Defendant Howard was indicted with three others for the armed robbery of two gasoline stations in Macon in the early morning hours of October 23, 1986. One of the accomplices, Lewis Raines, pled guilty and testified against defendant at trial. Raines testified he and the other two indicted defendants, before meeting up with defendant Howard, robbed another gasoline station and took the station attendant's purse, which contained a .38 caliber pistol. After defendant Howard joined them, the four men robbed the other two stations, using the pistol to intimidate the cashiers. Thus, defendant Howard was named in Counts 2 and 3 of the three-count indictment.
By the time they were arrested, defendant Howard and Raines had already dropped off the other two accomplices at their homes. At the time of arrest, defendant was wearing a light blue jacket and Raines was wearing red and black two-toned jeans. The cashier at the station involved in Count 2 of the indictment identified one of his assailants but could not identify defendant Howard. He also testified he believed the second man who attacked him was wearing a tan, not a blue, jacket. The cashier at the store involved in Count 3 of the indictment testified one of the two men who attacked her was wearing two-toned jeans and one was wearing an aqua-blue jacket.
The arresting officer testified he was patrolling on the evening in question in his police car and had been alerted to the fact that three robberies had occurred that evening. The officer was instructed to be on the lookout for the suspects, wearing dark shirts, one with two-toned pants and one with a blue jacket. Both were described as young black men, one taller than the other. Shortly after the third robbery was reported, the officer was stopped at a traffic light at a well-lighted intersection some three to four miles from the scene of the last robbery. A car approached from the cross-street and made a left turn at the intersection, passing directly in front of and beside his patrol car. The driver and the front passenger were both young black men dressed in dark shirts. One appeared to be taller than the other. The driver appeared to avert his face as he drove past the police car and the passenger appeared to sink into the seat. When he pulled them over, he discovered that the remainder of their clothing matched the description of the lookout. Raines was placed under arrest for driving without a license and without proof of insurance. Raines told the officer that the car was owned by his mother who could not be reached. Defendant Howard informed the officer he had no identification with him, thereby indicating he had no driver's license. Therefore, the officer commenced a routine inventory prior to impounding the car. On the floor of the car was a check dated October 22, 1986 made payable to one of the gasoline stations which had been robbed. The officer also found a .38 caliber pistol which matched the description given by the victim whose purse had been stolen. Defendant Howard was then placed under arrest for suspicion of robbery. When he was searched, the officer found $90 in folded bills in his pants pocket and $15.70 in coins.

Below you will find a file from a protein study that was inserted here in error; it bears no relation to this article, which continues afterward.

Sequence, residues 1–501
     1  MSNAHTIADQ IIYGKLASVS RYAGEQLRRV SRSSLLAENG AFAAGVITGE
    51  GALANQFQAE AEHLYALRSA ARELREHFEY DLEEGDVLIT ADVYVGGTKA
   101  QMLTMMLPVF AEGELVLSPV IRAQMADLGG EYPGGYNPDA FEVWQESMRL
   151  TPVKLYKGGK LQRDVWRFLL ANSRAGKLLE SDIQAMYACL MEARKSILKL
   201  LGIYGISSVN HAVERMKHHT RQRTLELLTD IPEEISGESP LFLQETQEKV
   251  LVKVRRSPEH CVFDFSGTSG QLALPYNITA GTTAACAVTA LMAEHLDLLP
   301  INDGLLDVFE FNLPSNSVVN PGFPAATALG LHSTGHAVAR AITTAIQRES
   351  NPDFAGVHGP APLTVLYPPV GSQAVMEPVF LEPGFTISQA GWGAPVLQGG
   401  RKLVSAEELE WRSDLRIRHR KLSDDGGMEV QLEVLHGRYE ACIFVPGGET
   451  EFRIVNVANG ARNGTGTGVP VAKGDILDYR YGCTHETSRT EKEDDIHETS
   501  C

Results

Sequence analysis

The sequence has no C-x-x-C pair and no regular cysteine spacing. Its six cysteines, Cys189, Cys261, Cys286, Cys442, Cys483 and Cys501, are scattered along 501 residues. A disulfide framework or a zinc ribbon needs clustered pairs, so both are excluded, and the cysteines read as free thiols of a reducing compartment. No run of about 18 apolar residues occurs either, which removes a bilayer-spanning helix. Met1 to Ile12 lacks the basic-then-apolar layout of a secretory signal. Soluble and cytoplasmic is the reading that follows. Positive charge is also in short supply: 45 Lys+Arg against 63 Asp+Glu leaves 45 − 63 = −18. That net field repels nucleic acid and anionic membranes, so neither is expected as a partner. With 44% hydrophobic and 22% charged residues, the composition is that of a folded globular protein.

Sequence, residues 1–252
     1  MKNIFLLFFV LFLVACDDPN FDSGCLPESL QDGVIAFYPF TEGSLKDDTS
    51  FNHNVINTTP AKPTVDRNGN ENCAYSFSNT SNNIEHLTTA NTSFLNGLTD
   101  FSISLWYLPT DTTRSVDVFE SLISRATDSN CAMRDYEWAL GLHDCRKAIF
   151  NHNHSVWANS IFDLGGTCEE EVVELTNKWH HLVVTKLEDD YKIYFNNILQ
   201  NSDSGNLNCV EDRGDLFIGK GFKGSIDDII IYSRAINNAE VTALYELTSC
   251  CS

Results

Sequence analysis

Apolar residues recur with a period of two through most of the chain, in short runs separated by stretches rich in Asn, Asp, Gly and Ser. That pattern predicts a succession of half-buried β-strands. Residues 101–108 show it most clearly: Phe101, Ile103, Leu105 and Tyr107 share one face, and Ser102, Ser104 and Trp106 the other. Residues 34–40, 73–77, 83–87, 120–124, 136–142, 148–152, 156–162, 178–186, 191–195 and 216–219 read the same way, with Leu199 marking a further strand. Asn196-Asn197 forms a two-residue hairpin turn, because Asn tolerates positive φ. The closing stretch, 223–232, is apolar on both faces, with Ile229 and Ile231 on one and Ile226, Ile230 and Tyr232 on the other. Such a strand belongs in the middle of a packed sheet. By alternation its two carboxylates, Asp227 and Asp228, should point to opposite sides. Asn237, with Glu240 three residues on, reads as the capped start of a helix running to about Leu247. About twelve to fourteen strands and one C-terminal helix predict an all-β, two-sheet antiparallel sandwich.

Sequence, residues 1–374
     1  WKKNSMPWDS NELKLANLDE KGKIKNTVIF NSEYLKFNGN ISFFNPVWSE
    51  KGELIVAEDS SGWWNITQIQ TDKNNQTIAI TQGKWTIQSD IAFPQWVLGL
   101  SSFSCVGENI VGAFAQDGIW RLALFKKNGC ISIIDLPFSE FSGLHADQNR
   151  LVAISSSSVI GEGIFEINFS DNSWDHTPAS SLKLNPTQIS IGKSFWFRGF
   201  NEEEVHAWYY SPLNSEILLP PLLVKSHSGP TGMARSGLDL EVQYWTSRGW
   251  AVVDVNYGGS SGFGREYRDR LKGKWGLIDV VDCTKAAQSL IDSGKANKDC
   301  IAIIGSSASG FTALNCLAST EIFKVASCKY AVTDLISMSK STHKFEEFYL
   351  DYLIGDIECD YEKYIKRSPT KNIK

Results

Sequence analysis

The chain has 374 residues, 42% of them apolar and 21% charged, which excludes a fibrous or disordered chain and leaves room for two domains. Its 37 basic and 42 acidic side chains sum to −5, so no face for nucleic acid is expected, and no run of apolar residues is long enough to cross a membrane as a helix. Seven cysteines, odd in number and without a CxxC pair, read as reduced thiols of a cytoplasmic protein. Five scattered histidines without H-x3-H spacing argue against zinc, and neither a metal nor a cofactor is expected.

Defendant Howard was acquitted on Count 2 and found guilty of Count 3 of the indictment. We affirm the conviction.
1. Defendant first argues the evidence was insufficient to convict him because the testimony of the accomplice was not corroborated as required by OCGA 24-4-8
. We find the circumstantial evidence presented at trial was sufficient to corroborate the testimony of the accomplice and to support the guilty verdict. See Gunter v. State, 243 Ga. 651 (2) (256 SE2d 341) (1979)
; Reaves v. State, 242 Ga. 542 (1) (250 SE2d 376) (1978)
2. The State also produced a witness who positively identified defendant as one of two black males who robbed the convenience store at which she was the cashier on October 15, 1986. She testified that one assailant came to the counter as if to make a purchase. When she opened the cash register, he attacked her and held her on the floor while defendant Howard ripped the cash drawer out of the cash register. As the men were leaving the store, one of them yelled back at her, "Shut up, bitch." Both of the robberies with which defendant was charged involved gasoline station/convenience stores open late at night. The robberies were conducted by two black men, one of whom would pretend to buy an item and one of whom would rip out the cash drawer when the cashier opened the register. One of the victims of these two robberies testified that the robbers used language similar to that used in the unrelated robbery. The defendant was positively identified as one of the perpetrators of the unrelated crime. In addition, there were similarities between the unrelated crime and the robberies for which defendant was being tried. Therefore, the testimony of the victim of the unrelated crime was sufficient to establish a similar transaction and met the requirements necessary to create an exception to the general rule prohibiting the admission of evidence concerning the defendant's general character. See State v. Johnson, 246 Ga. 654 (1) (272 SE2d 321) (1980).